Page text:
He had mentioned that he only has "built" a few RTF/E2X kits. Hence my reccomendation against the comanche.Originally posted by rokitflite
Since I have no idea what your building skills are, I would suggest the Comanche-3. If you have built at least 2 or three models that require the fins to be glued on individually it is not that hard of a build... It just takes a little longer. It is one of our best selling Estes rockets in our 3 stores. It has been purchased by many modelers of various ability levels and no one has reported that it has "crashed"... Flown away out of site yes, crashed no.
I know a lot of you here already know this, but for those who don't:Originally posted by dwmzmm
I think what some meant by "crash" is what I witnessed at NSL -
2004 at Hearne, TX; one young rocketeer launched his very nicely
built Comanche-3 that failed to stage (D12-0 to C6-0) and it
lawndarted. Apparently the pressure of the D12's gases forced
the stages to separate before the C6 could ignite. Similar thing
happened to my Estes Cineroc/Omega in the late 1970's...(yes,
my Cineroc got smashed).
A couple of years ago I had someone from another rocketry basedOriginally posted by jflis
Anyone ever done a sim on the old Estes FarSide? I have owned 3-4 of those over the years and never got more than one launch out of them (always went B14-C6-C6... go figure )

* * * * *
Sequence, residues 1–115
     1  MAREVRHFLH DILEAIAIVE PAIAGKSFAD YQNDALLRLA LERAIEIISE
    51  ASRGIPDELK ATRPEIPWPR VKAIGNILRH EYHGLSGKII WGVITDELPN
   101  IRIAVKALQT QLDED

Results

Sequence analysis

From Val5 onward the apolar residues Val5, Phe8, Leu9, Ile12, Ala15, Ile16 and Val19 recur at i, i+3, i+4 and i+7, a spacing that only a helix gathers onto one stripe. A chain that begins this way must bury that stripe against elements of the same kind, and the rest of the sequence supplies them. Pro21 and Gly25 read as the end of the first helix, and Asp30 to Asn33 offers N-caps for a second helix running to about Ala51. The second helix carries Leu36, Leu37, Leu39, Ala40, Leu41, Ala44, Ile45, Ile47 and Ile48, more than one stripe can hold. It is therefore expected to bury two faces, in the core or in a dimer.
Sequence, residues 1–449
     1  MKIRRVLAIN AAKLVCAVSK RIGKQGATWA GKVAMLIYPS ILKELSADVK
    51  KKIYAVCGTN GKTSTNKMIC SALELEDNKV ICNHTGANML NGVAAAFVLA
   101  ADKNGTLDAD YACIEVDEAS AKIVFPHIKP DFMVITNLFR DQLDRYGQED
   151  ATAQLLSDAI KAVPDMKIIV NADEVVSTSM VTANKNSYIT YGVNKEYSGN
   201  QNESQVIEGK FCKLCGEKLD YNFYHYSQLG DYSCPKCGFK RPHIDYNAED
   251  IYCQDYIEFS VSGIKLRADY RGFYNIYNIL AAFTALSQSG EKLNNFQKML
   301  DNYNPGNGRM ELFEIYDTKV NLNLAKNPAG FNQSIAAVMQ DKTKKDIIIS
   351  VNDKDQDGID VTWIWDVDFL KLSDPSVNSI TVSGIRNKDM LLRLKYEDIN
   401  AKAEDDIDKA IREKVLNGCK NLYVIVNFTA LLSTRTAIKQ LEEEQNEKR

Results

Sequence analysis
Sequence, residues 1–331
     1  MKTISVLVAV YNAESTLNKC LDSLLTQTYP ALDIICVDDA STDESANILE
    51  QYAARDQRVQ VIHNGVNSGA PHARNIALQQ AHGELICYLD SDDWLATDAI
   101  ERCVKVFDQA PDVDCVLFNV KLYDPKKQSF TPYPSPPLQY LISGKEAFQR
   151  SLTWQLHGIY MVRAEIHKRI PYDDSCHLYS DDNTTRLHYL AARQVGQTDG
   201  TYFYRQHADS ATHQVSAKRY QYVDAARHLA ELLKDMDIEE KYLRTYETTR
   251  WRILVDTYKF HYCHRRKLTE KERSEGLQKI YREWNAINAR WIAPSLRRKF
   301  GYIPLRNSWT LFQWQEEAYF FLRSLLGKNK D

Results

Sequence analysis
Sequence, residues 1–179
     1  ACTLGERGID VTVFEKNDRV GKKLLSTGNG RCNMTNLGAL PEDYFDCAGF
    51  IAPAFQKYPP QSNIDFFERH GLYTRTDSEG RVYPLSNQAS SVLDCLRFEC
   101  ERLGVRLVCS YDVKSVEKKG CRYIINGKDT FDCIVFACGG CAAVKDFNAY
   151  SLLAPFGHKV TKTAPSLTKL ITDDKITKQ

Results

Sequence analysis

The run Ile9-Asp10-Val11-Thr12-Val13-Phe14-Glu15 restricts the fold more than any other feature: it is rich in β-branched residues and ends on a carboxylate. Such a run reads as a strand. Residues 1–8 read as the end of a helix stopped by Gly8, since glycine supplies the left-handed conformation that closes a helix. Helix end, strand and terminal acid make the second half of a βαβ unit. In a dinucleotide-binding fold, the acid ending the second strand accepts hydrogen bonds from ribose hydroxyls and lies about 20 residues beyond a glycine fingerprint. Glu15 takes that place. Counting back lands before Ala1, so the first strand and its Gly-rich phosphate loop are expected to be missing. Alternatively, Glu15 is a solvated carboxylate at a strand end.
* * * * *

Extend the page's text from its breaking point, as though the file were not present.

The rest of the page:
I'd bet it can crank up the altitude numbers!
I think Centuri called theirs "passport" staging...even had theOriginally posted by RimfireJim
I know a lot of you here already know this, but for those who don't:
This phenomenom is discussed in The Handbook of Model Rocketry, with the recommendation to include some vent holes between the stages to relieve the pressure just enough to prevent this, but not enough to prevent the intentional separation after the upper stage ignites. No specific size for the hole(s) was recommended, though.
Yeah, at least for 18mm single stage, I think it is the Yankee. But it does keep changing. The 1991 catalog lists "...over 2000 feet (610 m)". Who knows where those numbers come from, it would be interesting to check some with simulation software for comparison sake.Why does Estes change their max altidudes? You figure they'd get it right the first time. In the 2006 catalog The Yankee is the highest single stage at 1850 ft.
That is a great looking Scout! (Might be the first time that has ever been said) I might need to build one just to do that scheme...